Chapter 18: Constructing the Turtleback


Step 2: Constructing the Turtleback

It took me all day to fit the foam strips into the jig.  The first two forward strips go in easy and the seam matched up nicely. But as you add more and more strips, the compound curvatures get worse and worse.  So you end up doing alot of custom cutting and sanding to get the seams to match up.  I drilled holes into the lattices and used drywall screws to hold the foam into the jig. Using drywall screws is actually easier, faster, and cleaner than gluing the foam down with 5-minute glue. And when the time comes, you’ll be able to remove the T-back from the jig without gouging out the foam. 

You definitely should use the aluminum strips to help support the seams and to keep them matched together without joggles.  It’s kind of hard to envision this from the plans, but the aluminum strips are shown very clearly in pictures on Norm Muzzy's and Brian DeFord’s websites.  I got away without using any aluminum strips because the seams were matching up nicely.  To be sure, I used nails in some places at the seams to pin/hold the strips together edge to edge.

Two other tricks I’d like to pass along. As the plans indicate, the foam strips start out as 48 inches long, so you’ll be gluing pieces onto each other to get the length required to fit the jig. I used the hinge method to do this. Furthermore, I made sure that all glue joins were where the windows would go, or were located on the starboard side of the T-back. Believe me, everyone approaches the pilot’s side of the plane. Very rarely do they “inspect” the starboard side of the plane. That’s why no one will notice John Slade’s mistakes because he tends to make mistakes on Charrie’s side of the plane! (Just kidding, John.)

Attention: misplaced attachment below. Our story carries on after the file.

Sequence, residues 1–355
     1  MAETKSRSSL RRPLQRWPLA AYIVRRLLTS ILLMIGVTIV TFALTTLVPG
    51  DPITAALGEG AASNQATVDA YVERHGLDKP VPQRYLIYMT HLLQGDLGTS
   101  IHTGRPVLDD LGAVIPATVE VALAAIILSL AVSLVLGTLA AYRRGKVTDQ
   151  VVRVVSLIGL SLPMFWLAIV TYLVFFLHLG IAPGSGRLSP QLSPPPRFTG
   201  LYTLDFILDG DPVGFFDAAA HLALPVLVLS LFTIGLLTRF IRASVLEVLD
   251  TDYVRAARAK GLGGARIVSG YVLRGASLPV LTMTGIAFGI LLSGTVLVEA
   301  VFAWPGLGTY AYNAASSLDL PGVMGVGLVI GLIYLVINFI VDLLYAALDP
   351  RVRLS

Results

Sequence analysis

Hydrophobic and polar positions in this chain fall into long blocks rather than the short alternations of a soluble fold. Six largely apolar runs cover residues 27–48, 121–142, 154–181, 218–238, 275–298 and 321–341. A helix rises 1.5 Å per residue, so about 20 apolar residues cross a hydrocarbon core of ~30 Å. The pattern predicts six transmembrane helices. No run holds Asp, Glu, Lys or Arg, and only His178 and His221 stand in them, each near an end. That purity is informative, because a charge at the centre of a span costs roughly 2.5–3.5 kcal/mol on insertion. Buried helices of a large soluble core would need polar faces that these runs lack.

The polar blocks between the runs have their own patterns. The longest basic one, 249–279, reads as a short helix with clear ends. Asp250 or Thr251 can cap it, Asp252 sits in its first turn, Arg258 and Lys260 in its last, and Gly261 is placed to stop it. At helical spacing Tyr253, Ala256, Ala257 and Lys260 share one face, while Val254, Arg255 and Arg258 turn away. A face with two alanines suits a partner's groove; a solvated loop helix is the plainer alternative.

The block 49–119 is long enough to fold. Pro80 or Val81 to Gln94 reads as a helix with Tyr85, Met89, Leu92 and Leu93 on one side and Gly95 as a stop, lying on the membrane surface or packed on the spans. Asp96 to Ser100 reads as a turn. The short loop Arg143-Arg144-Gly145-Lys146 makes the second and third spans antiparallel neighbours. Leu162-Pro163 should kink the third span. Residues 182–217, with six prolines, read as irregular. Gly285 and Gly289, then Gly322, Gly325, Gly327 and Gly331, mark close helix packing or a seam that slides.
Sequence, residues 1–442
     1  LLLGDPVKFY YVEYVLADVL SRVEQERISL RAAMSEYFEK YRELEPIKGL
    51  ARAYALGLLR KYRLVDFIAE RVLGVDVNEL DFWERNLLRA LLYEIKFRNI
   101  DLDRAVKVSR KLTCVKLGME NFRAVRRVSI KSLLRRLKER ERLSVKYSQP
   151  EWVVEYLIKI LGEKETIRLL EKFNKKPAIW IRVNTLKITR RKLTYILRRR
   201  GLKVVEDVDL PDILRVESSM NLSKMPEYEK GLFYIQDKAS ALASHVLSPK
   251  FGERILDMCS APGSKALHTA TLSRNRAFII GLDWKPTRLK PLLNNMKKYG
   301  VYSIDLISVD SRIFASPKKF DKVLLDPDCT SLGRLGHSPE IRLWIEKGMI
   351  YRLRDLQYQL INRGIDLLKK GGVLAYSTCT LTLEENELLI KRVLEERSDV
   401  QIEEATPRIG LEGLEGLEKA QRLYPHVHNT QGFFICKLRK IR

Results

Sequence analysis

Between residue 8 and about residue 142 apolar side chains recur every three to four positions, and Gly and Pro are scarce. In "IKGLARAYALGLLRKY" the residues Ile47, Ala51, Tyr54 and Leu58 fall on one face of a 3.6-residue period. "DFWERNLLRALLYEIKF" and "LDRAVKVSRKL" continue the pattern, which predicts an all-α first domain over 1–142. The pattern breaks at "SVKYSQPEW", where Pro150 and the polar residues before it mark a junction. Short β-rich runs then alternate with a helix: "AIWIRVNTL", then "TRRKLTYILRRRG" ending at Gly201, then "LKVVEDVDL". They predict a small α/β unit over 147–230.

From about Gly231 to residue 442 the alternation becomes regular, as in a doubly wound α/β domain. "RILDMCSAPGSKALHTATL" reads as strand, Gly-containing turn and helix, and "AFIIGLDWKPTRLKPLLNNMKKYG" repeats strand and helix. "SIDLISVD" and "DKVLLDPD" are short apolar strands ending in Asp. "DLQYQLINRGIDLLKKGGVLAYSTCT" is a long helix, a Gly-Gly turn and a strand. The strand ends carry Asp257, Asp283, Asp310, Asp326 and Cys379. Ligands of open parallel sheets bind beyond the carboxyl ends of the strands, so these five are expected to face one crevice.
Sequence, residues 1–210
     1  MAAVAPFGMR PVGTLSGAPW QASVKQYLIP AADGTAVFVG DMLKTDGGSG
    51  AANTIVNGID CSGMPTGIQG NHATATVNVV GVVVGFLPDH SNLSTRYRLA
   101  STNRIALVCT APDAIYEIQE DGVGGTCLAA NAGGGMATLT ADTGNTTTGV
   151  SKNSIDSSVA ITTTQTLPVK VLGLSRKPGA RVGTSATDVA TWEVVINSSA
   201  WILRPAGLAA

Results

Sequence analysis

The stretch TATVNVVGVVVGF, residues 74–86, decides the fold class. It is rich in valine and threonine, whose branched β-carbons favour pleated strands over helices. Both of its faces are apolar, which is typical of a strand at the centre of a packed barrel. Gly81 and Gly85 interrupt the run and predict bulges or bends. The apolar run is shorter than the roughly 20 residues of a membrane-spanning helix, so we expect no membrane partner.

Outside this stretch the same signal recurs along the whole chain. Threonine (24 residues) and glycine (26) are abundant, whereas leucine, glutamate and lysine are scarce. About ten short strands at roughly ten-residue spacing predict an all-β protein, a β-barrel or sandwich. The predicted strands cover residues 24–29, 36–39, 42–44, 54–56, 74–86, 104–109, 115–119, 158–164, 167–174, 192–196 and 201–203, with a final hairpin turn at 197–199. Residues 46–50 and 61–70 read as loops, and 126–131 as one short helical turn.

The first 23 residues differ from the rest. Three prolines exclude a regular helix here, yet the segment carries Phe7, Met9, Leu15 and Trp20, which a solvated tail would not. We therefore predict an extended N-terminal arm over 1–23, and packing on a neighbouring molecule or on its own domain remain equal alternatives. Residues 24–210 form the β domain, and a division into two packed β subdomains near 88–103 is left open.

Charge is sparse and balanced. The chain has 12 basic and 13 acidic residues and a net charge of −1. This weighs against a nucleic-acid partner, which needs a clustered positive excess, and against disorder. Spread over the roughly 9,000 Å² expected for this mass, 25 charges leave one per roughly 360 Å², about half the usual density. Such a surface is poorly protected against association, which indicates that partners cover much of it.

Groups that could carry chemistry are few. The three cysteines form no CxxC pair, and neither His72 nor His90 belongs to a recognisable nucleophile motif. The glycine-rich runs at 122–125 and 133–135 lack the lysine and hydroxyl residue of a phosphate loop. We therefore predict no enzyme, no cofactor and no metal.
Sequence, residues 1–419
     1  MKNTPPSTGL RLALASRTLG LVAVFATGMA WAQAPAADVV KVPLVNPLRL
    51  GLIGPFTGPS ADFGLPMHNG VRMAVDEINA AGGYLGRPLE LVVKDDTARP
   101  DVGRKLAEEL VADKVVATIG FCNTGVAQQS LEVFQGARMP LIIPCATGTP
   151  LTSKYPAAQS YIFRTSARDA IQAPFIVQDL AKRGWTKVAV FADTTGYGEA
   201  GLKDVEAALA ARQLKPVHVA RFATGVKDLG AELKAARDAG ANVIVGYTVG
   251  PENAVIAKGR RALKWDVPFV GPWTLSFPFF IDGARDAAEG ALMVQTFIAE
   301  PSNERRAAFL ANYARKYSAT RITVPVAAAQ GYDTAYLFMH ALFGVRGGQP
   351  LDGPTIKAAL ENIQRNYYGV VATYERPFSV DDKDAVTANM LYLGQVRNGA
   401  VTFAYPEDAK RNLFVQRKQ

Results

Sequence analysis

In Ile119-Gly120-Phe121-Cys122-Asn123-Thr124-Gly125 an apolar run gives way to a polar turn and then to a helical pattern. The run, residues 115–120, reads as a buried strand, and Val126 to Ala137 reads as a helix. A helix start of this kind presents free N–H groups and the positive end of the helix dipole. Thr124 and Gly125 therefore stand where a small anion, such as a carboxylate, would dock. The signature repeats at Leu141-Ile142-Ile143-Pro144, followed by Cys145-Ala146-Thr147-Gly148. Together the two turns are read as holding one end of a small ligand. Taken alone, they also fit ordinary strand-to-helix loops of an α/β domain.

Masking tape? I didn't use any! Its only purpose is to cover the foam seams so that micro and epoxy won't drip through to the outside of the T-back.  You'll find out later that it's hard to contour and shape the outside surface of the turtleback if the epoxy and micro have leaked through the seams.  Many builders complain that the masking tape won't stick to the foam anyway. I had no gaps in the seams and I don't "pour" on the epoxy when I do glass work, so my seams stayed clean with no leakage.

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